COVID-19 vaccinations now available to children six months and older
Last week, the U.S. Food and Drug Administration amended the emergency use authorizations (EUA) for the Pfizer COVID-19 vaccine to include children ages six months to five years of age, and the Moderna COVID-19 vaccine to include children ages six months to five years of age.
The Centers for Disease Control and Prevention and the Kansas Department of Health and Environment have also approved and recommended the use of these vaccines to include children in these age groups.
JCDHE encourages parents and guardians to reach out to their child’s health care provider or visit vaccines.gov for additional vaccination opportunities. Children’s Mercy Hospital is also offering vaccination clinics.
More than 30,000 children in Johnson County, Kansas, comprise the newly eligible age cohort.
Following this weekend’s federal authorization of COVID-19 vaccinations for children as young as six months, Johnson County Department of Health and Environment will offer these free pediatric vaccinations at its walk-in clinics beginning Monday, June 27, in Olathe and Mission.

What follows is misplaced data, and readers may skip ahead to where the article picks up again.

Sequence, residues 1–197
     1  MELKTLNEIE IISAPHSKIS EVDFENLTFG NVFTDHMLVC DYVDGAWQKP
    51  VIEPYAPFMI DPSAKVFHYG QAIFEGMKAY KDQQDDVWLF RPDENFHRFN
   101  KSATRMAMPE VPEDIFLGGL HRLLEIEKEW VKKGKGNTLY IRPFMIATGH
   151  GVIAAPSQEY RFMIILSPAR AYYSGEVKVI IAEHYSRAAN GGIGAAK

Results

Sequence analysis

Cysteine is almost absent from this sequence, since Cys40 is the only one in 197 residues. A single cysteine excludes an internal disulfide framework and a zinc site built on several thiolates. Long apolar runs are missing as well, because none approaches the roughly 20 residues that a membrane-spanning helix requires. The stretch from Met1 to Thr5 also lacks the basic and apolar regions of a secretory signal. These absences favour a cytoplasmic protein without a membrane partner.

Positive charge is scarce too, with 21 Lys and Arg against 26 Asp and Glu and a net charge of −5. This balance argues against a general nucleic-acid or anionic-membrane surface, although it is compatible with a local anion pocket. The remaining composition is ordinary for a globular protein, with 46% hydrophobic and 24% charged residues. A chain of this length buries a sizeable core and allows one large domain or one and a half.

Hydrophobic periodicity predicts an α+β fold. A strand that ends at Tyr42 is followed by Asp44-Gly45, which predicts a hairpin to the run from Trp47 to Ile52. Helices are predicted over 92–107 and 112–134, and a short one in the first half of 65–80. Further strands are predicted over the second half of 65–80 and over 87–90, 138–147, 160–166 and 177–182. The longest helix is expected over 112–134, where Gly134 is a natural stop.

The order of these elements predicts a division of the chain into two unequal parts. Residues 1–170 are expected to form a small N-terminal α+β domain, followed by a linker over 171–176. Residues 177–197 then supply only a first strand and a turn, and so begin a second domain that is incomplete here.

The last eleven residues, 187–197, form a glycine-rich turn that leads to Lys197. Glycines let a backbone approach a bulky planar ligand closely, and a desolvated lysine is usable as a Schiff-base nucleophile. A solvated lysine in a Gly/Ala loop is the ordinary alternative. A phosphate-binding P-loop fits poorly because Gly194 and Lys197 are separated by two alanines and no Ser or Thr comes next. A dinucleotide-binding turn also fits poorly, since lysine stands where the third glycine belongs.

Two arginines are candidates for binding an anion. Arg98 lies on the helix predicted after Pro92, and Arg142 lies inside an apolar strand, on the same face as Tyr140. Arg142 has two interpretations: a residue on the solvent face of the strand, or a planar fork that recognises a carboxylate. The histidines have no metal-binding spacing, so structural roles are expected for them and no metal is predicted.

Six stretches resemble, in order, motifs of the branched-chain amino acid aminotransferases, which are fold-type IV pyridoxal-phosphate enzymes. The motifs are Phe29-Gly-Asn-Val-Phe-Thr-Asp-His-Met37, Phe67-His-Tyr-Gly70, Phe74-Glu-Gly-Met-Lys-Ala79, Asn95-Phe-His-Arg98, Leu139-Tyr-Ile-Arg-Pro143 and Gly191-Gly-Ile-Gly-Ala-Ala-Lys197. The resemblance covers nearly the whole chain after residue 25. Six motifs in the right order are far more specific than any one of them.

“We know parents have been waiting a long time for the COVID-19 vaccine to become available to this age group, and we are pleased to offer it to the youngest members of our community,” said Dr. Sanmi Areola, JCDHE director. “This a major step towards getting this pandemic under control.”
The Pfizer COVID-19 pediatric vaccine is authorized for children ages six months to four years in three doses, with a three-week interval between the first two doses, followed by a third dose at least eight weeks after the second dose. The Moderna COVID-19 vaccine is authorized to be given to children six months to five years in two doses with 28 days between the two doses.
According to the American Academy of Pediatrics, more than 13.5 million children in the U.S. have been infected with COVID-19 since the onset of the pandemic, and although most children experience mild symptoms, more than 42,000 have been hospitalized in the U.S., and at least 1,240 children 18 and younger have died.
“We urge parents to continue to take this unpredictable virus seriously and have their children immunized as soon as possible,” said Areola. “Families should feel confident that the safety and efficacy of vaccines for this age group were strongly established before approval was considered.”
Children ages 15 and younger receiving a COVID-19 vaccination at a JCDHE walk-in clinic must be accompanied by an adult when getting vaccinated. A parent/guardian is preferable; however, the parent/guardian may designate a non-parent adult to be present at the time of vaccination if the parent/guardian is unavailable. A signed parental consent form is required for anyone under the age of 18 and is available at dispenseassist.net/COVID.html.